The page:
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  1.  16
    Polycarp Ikuenobe (2015). Cultural Dynamics, Moral Ignorance, and a Plausible Response to Immoral Acts. Cultura 12 (2):7-26.
    I examine the plausibility that culture may induce moral ignorance to mitigate or vitiate blameworthiness. I show how culturally induced moral ignorance may explain and provide an excuse, but not a justification for, terrorist acts, and how a recognition of their moral ignorance and the basis for it, may indicate the proper moral response to extremist Islamic terrorism. I argue that Moody-Adams' criticisms of culturally induced moral ignorance fail to consider how the brainwashing processes, false beliefs, and the closed nature (...)
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  2. Polycarp Ikuenobe (2006). Philosophical Perspectives on Communalism and Morality in African Traditions. Lexington Books.
    This book examines the idea of communalism in African cultures as a dominant philosophical theme that provides the conceptual foundation for African traditional moral thoughts, moral education, values, beliefs, conceptions of reality, practices, ways of life, and the now popular African saying, 'it takes a village to raise a child.' It defends communalism against various criticisms and argues that when properly understood and harnessed, it could provide the necessary foundation for Africa's development.
     
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  3.  3
    Polycarp Ikuenobe, Good and Beautiful: A Moral-Aesthetic View of Personhood in African Communal Traditions.
    I articulate an African view of personhood that combines beauty and goodness–aesthetic and moral features. I discuss the idea of communalism, which provides the social and moral values and belief system that give meaning to this view of personhood. I use ideas from some African ethnic traditions, or some people’s account of these traditions, as examples to illustrate this view. The similarities in these examples from different ethnic traditions indicate that it is reasonable to characterize this view as a common (...)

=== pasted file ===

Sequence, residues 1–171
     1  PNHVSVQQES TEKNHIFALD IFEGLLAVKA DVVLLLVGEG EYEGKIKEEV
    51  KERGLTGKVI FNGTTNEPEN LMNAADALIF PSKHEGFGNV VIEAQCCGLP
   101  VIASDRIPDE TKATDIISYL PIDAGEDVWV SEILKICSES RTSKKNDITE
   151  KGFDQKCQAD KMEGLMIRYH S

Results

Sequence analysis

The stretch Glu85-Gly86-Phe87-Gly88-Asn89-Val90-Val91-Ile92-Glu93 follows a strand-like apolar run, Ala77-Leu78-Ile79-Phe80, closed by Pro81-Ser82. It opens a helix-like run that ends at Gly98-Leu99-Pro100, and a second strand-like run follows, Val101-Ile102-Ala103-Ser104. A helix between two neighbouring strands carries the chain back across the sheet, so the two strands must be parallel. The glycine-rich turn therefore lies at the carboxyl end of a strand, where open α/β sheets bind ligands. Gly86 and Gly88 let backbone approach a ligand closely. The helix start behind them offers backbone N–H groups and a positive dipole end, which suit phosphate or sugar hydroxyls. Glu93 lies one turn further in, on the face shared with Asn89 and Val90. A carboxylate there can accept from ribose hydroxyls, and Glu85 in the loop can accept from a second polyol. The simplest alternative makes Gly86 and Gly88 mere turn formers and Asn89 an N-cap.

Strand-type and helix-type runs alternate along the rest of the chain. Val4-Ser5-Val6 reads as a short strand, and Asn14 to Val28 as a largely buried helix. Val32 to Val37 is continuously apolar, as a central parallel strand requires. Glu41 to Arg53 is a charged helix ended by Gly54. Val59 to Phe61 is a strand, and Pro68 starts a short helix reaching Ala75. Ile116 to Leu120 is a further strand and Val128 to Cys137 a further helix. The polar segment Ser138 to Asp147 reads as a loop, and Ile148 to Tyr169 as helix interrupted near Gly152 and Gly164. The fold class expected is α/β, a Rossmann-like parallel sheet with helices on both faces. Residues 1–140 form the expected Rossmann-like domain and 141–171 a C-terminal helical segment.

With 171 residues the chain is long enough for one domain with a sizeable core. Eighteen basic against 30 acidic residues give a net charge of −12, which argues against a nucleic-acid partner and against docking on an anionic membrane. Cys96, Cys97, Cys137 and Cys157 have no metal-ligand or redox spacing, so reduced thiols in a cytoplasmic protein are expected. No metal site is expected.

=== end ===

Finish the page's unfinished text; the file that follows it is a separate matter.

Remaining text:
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  4.  7
    Polycarp Ikuenobe (2015). Relational Autonomy, Personhood, and African Traditions. Philosophy East and West 65 (4):1005-1029.
    The commonplace view of autonomy involves the ability of individuals to be self-governing and self-legislating, and to make freely and reflectively deliberate choices and decisions. This idea of autonomy — that persons are metaphysically free, that is, that they have free will and may use reason to choose how they shall act — is considered to be a defining feature of a responsible person. There is a commonplace view that autonomy is intrinsically good such that overriding it cannot be justified.1 (...)
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  5.  73
    Polycarp Ikuenobe (2011). Conceptualizing Racism and Its Subtle Forms. Journal for the Theory of Social Behaviour 41 (2):161-181.
    Many people are talking about being in a post-racial era, which implies that we have overcome race and racism. Their argument is based on the fact that manyof the virulent manifestations of racism are not prevalent today. I argue that racism is not seen as prevalent today because the commonplace views of racism fail to capture the more subtle and insidious new forms of racism. I critically examine some of these views and indicate that racism, its forms and manifestations have (...)
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  6.  45
    Polycarp Ikuenobe (2006). The Idea of Personhood in Chinua Achebe's Things Fall Apart. Philosophia Africana 9 (2):117-131.
  7.  6
    Polycarp Ikuenobe (2004). On the Theoretical Unification and Nature of Fallacies. Argumentation 18 (2):189-211.
    I argue in a non-reductive sense for a plausible epistemic principle, which can (1) theoretically and instrumentally unify or systematize all fallacies, and (2) provide a justification for using such a principle for characterizing an erroneous argument as a fallacy. This plausible epistemic principle involves the idea of an error in the method of justification, which results in a failure to provide relevant evidence to satisfy certain standards of adequate proof. Thus, all fallacies are systematically disguised failures to provide substantive (...)
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  8.  26